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      Perceptions of Close Relationship Through the Machiavellians´ Dark Glasses: Negativity, Distrust, Self-Protection Against Risk and Dissatisfaction


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          It is commonly known from the literature that Machiavellian individuals have negative attitudes towards people and in general towards the world´s affairs. They are distrustful of the intentions of others, and they get cautiously involved into interpersonal interactions and take risks only if that may not have any severe negative consequence. It is also a fact that there are few ventures in life that potentially involve as much insecurity and personal vulnerability as the establishment and maintenance of close relationships. In our study, we were seeking the answer to the question: do people with high levels of Machiavellianism show a generally negative, distrustful and cautious attitude in their intimate relationships, as well? What effect their pessimistic approaches have on the other consequences of the relationship (satisfaction, commitment, investment, quality of alternatives)? This question was investigated on a dyadic sample of heterosexual couples (N = 101 pairs) with Actor-Partner Interdependence Model (APIM). The results of the correlations and actor effects show that men with high levels of Machiavellianism perceive in a negative way not just people in general, but their romantic partners and relationships as well and they experience an increased level of distrust, risk, and dissatisfaction into their close relationships. Women with high levels of Machiavellianism are less negativistic and feel less discontent towards their intimate partner and relationship, but even they are unable to put their distrust and precaution aside. The results of partner effects have revealed that women's Machiavellianism undermines men's trust, while men's Machiavellianism has the effect of minimizing women's investment into their relationship.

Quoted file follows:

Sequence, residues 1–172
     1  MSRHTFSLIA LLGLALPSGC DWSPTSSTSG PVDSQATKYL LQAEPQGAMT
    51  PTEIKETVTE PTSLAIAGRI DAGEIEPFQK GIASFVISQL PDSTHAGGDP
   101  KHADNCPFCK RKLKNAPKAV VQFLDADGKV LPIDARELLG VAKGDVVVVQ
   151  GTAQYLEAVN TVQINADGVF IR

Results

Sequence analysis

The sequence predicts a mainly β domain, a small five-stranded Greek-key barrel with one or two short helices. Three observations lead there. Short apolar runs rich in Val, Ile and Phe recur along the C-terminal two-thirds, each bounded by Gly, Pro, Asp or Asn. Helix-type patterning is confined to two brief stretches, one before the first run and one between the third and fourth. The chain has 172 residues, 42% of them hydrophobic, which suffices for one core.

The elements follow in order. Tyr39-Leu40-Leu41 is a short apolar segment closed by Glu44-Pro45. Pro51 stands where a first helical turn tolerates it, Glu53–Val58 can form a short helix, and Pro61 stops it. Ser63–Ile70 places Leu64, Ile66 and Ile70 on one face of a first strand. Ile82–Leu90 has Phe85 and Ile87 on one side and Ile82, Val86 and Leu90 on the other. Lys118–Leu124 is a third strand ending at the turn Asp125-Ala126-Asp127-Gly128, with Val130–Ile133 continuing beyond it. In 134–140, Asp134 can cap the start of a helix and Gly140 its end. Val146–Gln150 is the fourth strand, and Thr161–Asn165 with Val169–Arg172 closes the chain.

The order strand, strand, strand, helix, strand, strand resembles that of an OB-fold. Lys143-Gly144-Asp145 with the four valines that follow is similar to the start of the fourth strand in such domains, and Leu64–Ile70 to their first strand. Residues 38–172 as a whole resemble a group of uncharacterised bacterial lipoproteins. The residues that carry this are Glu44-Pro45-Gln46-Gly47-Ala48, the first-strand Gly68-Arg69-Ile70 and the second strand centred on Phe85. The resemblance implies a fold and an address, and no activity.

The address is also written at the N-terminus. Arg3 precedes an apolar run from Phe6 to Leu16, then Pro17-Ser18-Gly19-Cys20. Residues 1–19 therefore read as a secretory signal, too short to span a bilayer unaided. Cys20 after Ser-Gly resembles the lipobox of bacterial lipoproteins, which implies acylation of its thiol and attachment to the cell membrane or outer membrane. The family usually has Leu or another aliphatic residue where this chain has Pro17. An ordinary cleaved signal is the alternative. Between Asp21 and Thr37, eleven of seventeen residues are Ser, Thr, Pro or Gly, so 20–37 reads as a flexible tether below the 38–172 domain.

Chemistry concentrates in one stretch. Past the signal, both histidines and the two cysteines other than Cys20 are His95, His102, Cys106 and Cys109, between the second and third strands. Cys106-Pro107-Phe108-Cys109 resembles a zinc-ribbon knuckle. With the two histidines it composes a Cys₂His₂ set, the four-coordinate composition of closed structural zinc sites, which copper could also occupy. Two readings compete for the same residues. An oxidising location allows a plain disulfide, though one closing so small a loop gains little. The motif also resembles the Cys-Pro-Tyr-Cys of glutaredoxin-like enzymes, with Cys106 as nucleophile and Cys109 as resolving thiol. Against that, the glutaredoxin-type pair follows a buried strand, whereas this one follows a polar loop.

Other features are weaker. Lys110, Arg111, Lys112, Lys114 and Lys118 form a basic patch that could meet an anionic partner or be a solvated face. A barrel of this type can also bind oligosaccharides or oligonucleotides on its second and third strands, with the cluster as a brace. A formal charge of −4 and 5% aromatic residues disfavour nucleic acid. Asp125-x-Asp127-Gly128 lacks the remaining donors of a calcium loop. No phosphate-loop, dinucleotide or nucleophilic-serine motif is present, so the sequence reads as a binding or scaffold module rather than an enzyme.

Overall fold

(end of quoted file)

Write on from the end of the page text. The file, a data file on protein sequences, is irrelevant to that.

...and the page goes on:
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          Most cited references88

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          The Dark Triad of personality: Narcissism, Machiavellianism, and psychopathy

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            The need to belong: desire for interpersonal attachments as a fundamental human motivation.

            A hypothesized need to form and maintain strong, stable interpersonal relationships is evaluated in light of the empirical literature. The need is for frequent, nonaversive interactions within an ongoing relational bond. Consistent with the belongingness hypothesis, people form social attachments readily under most conditions and resist the dissolution of existing bonds. Belongingness appears to have multiple and strong effects on emotional patterns and on cognitive processes. Lack of attachments is linked to a variety of ill effects on health, adjustment, and well-being. Other evidence, such as that concerning satiation, substitution, and behavioral consequences, is likewise consistent with the hypothesized motivation. Several seeming counterexamples turned out not to disconfirm the hypothesis. Existing evidence supports the hypothesis that the need to belong is a powerful, fundamental, and extremely pervasive motivation.
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              Trust in close relationships.


                Author and article information

                Eur J Psychol
                Europe's Journal of Psychology
                Eur. J. Psychol.
                30 November 2018
                : 14
                : 4
                : 806-830
                [a ]Department of General and Evolutionary Psychology, University of Pécs , Pécs, Hungary
                [b ]Faculty of Health and Public Services, University of Semmelweis , Budapest, Hungary
                [c ]Independent researcher
                [d ]Department of Personality, Development and Clinical Psychology, University of Pécs , Pécs, Hungary
                [5]Department of Psychology, Webster University Geneva, Geneva, Switzerland
                [6]Institute of Psychology, University of Wroclaw, Wroclaw, Poland
                Author notes
                [* ]Robert-Blum-Str. 4, 60385 Frankfurt, Germany. tengertudat@ 123456gmail.com

                This is an open-access article distributed under the terms of the Creative Commons Attribution (CC BY) 3.0 License, which permits unrestricted use, distribution, and reproduction in any medium, provided the original work is properly cited.

                : 24 October 2017
                : 30 April 2018
                Self URI (journal-page): https://journals.psychopen.eu/
                Research Reports

                negative attitudes,Machiavellianism,actor-partner effects,relationship dissatisfaction,self-protection,distrust


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